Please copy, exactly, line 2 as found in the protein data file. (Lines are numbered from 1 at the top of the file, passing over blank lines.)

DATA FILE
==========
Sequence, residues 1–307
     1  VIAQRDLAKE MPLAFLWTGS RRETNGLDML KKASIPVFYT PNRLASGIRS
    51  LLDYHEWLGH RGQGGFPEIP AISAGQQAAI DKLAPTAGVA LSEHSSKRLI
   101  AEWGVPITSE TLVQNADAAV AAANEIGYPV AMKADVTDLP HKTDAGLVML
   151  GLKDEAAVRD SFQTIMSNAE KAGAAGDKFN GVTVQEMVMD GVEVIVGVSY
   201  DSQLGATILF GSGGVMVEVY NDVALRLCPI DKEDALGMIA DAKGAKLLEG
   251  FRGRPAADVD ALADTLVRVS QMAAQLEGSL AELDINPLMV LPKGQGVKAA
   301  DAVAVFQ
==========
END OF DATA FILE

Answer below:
     1  VIAQRDLAKE MPLAFLWTGS RRETNGLDML KKASIPVFYT PNRLASGIRS